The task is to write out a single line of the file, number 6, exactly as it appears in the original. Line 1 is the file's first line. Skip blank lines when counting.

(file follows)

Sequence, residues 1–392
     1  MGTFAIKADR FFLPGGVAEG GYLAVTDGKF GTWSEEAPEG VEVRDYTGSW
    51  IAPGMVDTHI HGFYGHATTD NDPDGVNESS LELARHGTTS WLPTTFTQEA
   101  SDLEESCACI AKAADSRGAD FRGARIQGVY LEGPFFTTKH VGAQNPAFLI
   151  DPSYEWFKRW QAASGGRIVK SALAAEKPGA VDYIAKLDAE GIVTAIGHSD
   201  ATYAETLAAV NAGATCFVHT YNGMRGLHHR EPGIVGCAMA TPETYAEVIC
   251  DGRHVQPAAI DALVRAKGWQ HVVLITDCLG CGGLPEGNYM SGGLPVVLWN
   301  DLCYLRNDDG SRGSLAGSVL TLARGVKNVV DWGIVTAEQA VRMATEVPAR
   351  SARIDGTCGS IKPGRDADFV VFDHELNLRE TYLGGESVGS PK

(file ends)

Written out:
   201  ATYAETLAAV NAGATCFVHT YNGMRGLHHR EPGIVGCAMA TPETYAEVIC